June 11: This Day in History

b_Thich-Quang-Duc-3June 11, 2015 – Segment 1

On this day in history, the IWW launched a strike in New Orleans against United Fruit and the Buddhist monk Thick Quang Duc set himself on fire to protest the dictatorial regime of South Vietnam.

Transcript of this day in history included below.

Fountain Hughes, Age 101


That was Fountain Hughes, who was 101 years when he was interviewed on this in 1949, as part of Library of Congress’s archive of the voices of those who had been enslaved. Born in Charlottesville, Virginia, his grandfather was owned by Thomas Jefferson. Enshrined for all time for us to learn from.

In 1913, Mary White Ovington, who was one of the founders of the NAACP, said the only organization that cared about the Negro outside of the NAACP was the Industrial Workers of the World, or IWW, known by most as the Wobblies.  In 1913, the Wobblies led many strikes throughout the country for worker’s rights, from the textile mills of Patterson, NJ to a general strike of all workers in Seattle, Washington.  On this day in 1913, former slaves and their children and former confederate soldiers and their children were working on the docks of New Orleans together with interracial leadership, where they struck United Fruit docks. They were attacked by the police, who killed two workers and wounded many more.

One of the great confrontations breaking the back of  legal segregation took place today in 1963 on the steps of the entrance to the University of Alabama. It became known as the “Stand in the School House Door.”  African American students Vivian Malone and James Hood came to register at the University of Alabama, and Governor George Wallace, flanked by dozens of Alabama State Troopers, stood at the entrance to block the way and not allow the two Black students to register.  As Attorney General of the United States Nicholas Katzenback mounted those stairs, he calmly told the Governor that President Kennedy had mobilized the National Guard, and he asked the Governor to step aside so Malone and Hood could register. Wallace did step aside, but promised to continue the fight for segregation.  This incident became a catalyst for Mississippi Freedom Summer of 1964 to make the hard militant push to end segregation and racial terror. And two years later Vivian Malone became the first Black graduate of the University of Alabama.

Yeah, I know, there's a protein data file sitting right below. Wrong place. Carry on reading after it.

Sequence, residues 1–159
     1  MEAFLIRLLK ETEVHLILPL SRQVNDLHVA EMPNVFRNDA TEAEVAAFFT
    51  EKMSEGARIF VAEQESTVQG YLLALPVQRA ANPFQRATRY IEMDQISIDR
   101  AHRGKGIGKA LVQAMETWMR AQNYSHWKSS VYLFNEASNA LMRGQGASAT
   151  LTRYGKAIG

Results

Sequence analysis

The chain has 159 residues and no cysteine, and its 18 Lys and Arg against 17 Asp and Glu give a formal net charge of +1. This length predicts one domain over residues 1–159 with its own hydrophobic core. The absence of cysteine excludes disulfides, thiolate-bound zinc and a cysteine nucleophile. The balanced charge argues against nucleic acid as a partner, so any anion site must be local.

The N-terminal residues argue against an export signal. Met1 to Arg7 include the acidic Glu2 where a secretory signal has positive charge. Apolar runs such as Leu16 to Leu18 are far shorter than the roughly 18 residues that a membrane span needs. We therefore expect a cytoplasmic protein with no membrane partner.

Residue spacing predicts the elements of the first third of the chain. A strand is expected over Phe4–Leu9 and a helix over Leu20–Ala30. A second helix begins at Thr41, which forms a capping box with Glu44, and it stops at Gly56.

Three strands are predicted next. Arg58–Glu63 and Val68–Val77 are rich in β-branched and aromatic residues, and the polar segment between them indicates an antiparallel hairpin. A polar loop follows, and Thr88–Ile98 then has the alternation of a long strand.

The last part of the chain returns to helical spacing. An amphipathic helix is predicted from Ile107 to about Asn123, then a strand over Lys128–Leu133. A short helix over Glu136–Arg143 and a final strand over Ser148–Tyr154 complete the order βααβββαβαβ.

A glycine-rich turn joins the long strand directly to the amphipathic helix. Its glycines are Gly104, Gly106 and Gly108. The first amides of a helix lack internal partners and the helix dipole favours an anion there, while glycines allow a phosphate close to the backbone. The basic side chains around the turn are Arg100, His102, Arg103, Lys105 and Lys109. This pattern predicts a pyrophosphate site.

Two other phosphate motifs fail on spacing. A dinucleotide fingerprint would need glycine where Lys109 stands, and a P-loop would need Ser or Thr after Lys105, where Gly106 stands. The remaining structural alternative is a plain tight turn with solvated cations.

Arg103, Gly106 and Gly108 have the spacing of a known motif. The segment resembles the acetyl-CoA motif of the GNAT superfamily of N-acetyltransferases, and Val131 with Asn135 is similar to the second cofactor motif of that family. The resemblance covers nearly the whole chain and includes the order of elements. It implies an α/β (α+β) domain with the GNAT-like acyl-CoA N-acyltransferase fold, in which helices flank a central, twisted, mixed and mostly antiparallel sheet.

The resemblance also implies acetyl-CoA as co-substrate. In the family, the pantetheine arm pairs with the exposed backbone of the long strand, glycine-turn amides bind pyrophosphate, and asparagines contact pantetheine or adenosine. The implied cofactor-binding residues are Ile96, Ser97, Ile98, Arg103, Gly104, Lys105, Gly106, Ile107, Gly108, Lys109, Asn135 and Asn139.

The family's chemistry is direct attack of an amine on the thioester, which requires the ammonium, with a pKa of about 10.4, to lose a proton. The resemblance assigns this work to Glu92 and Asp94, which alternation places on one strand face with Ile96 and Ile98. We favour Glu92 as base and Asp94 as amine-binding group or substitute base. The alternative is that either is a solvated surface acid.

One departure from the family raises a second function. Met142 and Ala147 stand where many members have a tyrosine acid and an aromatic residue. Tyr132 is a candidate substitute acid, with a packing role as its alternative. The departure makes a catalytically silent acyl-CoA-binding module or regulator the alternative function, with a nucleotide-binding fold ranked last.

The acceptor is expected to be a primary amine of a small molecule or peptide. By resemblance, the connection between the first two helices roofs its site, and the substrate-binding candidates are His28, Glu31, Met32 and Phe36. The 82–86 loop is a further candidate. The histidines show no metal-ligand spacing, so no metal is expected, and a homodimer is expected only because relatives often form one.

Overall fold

While George Wallace was standing at the schoolhouse door, another seminal moment of the 1960’s was taking place … in Saigon, Vietnam. The Buddhist monk Thich Quang Duc set himself on fire in the middle of the street to protest the lack of freedom for Buddhists and others in the dictatorial regime of South Vietnam.

The civil rights movement and Vietnam defined the 1960’s … these defined became symbolic of those struggles.

And it was today in 1919 that Sir Barton became the first triple crown winner as he sailed to victory in the Belmont Stakes.  58 years later, Seattle Slew did the same.

Here’s a song for your June the 11th. It’s the birthday of  Thornton James “Pookie” Hudson, known for being the lead singer in The Spaniels. That group went on to become the first truly successful R&B group to come out of the Midwest, and we’re listening to their song “Everyone’s Laughing” on our way out of this day in history.

The Spaniels – Everyone’s Laughing


To continue your exploration of this day in history, take a look at some of our favorite sources:Charles H. Wright Museum: Today in Black History; African American Registry;BlackPast; NYTimes on this Day; EyewitnessToHistory.com; The Civil War Trust;Voices in Labor: Today in Labor History; Union Communication Services at The Worker Institute: Today in Labor History; BBC On This Day; The Holocaust History Project; PBS African American World; PBS; Today in Women’s History; South African History Online; This Day In North American Indian History; Jewish Virtual Library; The People History; Wikipedia List of Historical Anniversaries; Yenoba; and This Day in Music